3. Astarci P, Glineur D, De Kerchove L, El Khoury G. Transcatheter valve used in a bailout technique during complicated open mitral valve surgery. Interact Cardiovasc Thorac Surg. 2013 Oct;17(4):745-747.
  4. Lee R, Borchelt B, George I. Hybrid surgical mitral valve replacement with a transcatheter valve in the setting of mitral annular calcification. CTSNet. March 2018. doi:10.25373/ctsnet.5999933.


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Nice case. Curious, looks like the posterior annular sutures went in OK. 10 years ago would you have just placed a pericardial valve? Good to have more tricks in the tool box.
Thank you for sharing this video. However, this modification with the doughnut pericardial patch, in addition to circumferential stitches and the Teflon felt strip, makes the procedure unnecessary long for unclear benefit. The TAVI is self-anchoring after all and you would only need stitches where there is lack of calcium.
Thank you for your comments Gianluca and Kai. I had planned the procedure as a pericardial valve possible TAVR in valve. It would hinge on whether I would be able to fit in at least a 25 mm biological valve given patients’ BSA of 1.6. It wasn’t meant to be as the sizer for the 25 valve would not fit at all. At this point the the TAVR was implanted. The Teflon felt strip was the original idea and I think it works. In most cases. My concern was that I was not able to debride as good as I wanted some areas and was concerned about having to reapply the cross clamp in case of a moderate or severe paravalvular leak. That is why I chose the extra security. As this procedure becomes more common we will learn more best practices to supplant one surgeons concerns with actionable data.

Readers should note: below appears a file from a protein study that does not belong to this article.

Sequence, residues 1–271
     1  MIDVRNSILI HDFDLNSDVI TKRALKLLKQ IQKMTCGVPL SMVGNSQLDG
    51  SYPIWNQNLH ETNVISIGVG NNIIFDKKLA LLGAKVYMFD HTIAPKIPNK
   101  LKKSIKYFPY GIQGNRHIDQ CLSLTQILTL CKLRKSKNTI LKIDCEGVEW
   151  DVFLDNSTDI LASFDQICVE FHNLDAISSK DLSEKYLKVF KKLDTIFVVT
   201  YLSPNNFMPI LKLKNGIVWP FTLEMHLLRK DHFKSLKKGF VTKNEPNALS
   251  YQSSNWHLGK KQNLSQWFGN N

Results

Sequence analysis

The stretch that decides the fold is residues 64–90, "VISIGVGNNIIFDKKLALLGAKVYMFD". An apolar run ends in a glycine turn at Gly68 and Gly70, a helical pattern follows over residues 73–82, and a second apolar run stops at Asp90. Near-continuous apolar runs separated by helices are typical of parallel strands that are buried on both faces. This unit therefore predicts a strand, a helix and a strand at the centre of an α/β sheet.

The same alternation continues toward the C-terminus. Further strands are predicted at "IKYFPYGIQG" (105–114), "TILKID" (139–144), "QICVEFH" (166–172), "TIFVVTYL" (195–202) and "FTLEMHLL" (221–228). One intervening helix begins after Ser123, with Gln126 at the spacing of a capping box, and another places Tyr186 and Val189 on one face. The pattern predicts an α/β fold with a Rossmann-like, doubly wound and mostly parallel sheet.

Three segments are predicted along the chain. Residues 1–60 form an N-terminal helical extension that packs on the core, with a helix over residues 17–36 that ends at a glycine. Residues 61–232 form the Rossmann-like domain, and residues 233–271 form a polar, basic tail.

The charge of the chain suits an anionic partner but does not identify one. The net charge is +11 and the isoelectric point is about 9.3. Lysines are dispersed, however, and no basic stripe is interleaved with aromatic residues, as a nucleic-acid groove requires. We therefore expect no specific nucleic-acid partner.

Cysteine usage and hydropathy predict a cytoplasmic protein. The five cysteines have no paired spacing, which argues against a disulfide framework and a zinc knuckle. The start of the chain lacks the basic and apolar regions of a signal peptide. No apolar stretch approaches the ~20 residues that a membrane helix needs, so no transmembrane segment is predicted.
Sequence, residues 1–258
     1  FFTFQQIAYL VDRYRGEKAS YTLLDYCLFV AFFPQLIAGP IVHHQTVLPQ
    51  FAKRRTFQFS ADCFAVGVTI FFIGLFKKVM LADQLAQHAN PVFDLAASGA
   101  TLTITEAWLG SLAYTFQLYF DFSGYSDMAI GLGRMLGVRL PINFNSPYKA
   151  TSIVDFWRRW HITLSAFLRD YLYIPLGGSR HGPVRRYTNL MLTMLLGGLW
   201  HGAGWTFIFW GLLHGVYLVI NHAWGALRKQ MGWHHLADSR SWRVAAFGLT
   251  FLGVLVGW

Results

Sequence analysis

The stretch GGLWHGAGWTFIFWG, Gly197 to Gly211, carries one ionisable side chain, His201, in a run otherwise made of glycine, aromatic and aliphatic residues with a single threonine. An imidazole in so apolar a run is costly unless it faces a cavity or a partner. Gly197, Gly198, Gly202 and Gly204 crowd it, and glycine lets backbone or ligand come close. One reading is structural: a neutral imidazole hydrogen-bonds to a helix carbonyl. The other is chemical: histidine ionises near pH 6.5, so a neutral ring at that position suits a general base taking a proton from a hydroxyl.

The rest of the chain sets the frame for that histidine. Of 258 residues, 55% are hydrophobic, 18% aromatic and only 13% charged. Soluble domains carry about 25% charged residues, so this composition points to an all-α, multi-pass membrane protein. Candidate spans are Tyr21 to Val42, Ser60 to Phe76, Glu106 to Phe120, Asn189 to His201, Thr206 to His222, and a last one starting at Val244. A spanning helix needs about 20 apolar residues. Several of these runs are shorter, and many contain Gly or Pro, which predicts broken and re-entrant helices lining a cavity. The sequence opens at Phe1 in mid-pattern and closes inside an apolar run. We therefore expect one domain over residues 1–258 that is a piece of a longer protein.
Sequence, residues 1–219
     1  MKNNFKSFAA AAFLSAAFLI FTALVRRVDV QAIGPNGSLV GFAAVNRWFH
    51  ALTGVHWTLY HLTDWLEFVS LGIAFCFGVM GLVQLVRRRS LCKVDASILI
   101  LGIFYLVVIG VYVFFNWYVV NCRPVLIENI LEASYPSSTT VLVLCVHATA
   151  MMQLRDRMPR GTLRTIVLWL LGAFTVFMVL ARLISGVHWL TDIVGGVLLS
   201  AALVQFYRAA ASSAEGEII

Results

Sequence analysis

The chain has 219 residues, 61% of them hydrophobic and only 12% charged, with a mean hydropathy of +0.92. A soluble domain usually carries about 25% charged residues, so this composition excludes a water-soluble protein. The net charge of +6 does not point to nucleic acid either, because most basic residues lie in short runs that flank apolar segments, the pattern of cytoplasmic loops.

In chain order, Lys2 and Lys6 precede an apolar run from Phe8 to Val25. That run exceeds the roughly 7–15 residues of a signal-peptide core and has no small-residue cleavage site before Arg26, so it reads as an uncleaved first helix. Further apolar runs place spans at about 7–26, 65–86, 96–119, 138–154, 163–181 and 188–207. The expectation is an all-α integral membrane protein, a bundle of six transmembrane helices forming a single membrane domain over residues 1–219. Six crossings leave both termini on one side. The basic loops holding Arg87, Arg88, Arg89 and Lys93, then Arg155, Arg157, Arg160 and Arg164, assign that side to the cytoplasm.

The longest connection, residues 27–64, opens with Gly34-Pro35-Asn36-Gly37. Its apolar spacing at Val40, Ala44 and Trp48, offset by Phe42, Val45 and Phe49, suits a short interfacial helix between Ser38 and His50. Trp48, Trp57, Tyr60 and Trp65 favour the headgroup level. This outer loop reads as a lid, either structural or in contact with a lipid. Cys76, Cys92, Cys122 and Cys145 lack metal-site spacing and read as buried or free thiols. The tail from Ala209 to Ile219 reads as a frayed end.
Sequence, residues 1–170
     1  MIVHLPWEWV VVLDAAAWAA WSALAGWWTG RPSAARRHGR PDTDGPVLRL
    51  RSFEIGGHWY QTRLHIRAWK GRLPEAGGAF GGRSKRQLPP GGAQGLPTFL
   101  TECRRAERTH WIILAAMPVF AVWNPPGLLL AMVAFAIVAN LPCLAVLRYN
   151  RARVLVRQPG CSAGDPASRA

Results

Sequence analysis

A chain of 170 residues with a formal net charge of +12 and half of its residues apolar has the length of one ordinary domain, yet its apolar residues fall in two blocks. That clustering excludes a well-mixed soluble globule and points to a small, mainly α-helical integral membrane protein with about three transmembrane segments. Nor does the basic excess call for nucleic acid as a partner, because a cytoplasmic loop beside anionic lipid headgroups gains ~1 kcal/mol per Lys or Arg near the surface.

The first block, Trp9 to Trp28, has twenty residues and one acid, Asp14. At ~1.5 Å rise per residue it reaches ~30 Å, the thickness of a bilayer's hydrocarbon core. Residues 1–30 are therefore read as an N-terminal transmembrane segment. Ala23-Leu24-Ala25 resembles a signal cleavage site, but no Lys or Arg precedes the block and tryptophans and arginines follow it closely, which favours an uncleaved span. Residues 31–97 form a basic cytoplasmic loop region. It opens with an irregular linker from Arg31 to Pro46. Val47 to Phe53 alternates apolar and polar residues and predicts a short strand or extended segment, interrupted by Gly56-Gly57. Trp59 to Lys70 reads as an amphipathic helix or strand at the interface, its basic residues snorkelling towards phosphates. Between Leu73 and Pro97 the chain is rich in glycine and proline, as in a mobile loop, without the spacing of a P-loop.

I’ve performed over 2 dozen of these procedures. The last one was Tuesday of last week. My cross clamp time was 41 minutes. The difference is that immediately after cannulation, and before initiating CPB, I prep the TAVR valve on the back table. Size and amount of volume to be used for inflation is predetermined based on measurement of mitral annular volume from preop cardiac CTA and specialized software. I have had 100% procedural success with cross clamp time all under 60min. It is an excellent option for severe MAC that all surgeons should have in their tool belt.